Where could the PCs visit?  What are the most awesome locations there?  The most atmospheric?  And how can you ramp it up?  A sheet of paper and a brief brainstorming session might help here.

Turn a few of those tricks on their head for more excitement.  Vents.  Sure, but at one point the HECU shoot the hell out of the vent you're in and the vent collapses into the middle of the passageway.  Headcrabs are damn creepy but how about black headcrabs that can't kill you but drop your hit points to 1 and therefore make it easy for anything else to kill you.
"Wait, did he just talk?  Nope, that was a grunt."
Also, squad tactics and enemy A.I.  You're not a computer programme and therefore have an even richer array of possible choices.  Play SWAT games or watch television shows.  Read up on military and police tactics.  Learn the rules of your game so you know the benefits, if any, that higher ground, charges, flanking, and cover can provide and then get your enemies to use all of those things (presuming the enemies should be that clever).  Instead of just generating a single enemy's statistics for them to fight, generating a squad with complementary merits or feats to ensure that they can all bounce off each other in a fancy fight.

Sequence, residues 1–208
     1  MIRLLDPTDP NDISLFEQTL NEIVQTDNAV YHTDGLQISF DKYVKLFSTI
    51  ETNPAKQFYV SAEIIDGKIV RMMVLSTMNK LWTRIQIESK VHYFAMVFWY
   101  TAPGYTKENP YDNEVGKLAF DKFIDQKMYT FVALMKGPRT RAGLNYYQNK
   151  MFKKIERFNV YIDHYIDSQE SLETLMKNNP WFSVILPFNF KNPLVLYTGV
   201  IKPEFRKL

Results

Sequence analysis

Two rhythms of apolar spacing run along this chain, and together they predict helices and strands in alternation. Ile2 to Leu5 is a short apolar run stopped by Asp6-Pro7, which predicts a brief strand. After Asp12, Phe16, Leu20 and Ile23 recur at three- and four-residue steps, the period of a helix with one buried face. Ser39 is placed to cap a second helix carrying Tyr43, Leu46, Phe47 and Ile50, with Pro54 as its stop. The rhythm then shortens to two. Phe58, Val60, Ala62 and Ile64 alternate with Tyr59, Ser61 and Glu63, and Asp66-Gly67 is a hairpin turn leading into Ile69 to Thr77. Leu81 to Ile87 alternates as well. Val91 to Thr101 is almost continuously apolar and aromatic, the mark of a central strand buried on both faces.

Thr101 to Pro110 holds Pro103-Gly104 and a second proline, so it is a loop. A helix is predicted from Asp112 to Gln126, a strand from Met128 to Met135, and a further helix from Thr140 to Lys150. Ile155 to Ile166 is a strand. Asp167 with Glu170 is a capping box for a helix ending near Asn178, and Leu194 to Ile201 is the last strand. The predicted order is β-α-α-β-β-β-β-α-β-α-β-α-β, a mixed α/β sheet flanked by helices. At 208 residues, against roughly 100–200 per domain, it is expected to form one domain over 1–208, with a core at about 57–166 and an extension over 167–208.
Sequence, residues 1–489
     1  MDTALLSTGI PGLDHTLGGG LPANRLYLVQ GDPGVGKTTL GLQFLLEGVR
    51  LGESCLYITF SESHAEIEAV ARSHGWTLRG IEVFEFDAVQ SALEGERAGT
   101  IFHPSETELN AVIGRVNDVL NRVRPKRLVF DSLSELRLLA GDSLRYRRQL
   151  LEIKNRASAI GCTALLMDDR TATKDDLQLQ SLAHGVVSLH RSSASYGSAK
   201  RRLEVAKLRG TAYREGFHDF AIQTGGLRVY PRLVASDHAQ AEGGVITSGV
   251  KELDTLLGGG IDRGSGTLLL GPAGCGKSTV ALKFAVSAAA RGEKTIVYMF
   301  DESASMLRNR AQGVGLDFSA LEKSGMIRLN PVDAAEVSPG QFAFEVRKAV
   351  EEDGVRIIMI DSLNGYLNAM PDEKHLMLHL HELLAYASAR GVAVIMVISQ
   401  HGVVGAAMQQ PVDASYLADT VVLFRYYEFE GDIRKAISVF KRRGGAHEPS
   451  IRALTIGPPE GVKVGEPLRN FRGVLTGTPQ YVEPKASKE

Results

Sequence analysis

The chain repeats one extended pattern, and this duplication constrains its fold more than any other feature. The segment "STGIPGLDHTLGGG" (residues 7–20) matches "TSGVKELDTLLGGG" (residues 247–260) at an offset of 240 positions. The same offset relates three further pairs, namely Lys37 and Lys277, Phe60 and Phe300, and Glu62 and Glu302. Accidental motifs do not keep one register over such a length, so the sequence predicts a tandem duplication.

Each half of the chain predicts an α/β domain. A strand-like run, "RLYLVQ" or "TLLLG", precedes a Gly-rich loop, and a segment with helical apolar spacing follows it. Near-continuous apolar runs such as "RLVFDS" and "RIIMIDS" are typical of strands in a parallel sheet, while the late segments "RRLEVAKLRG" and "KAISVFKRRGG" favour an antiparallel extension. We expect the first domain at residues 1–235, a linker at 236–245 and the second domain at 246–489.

A campaign based around Half Life, or including elements of it, should appeal to Tacticians and Action Heroes because of the use of obstacles, setpiece locations and a sense of 'flow'.  You go where you need to go because it feels natural.  This leads to a very streamlined and elegant gameplay experience where you get to feel clever without ever feeling frustrated.  Explorers would be more likely to notice that the game is on rails as even if you allow them to tackle the obstacles in any sort of ingenious way, these players are likely to run to the edges of the game world simply to learn something new about one particular aspect or another.  This will require a lot of bread crumbs to lure them back onto the path so that they don't become too obsessed with learning more about the Combine Soldiers.  They're here to explore the dystopic universe and see all the sights as well.  On the plus side, so long as your itinerary of locations are varied and interesting enough, they should be quite happy.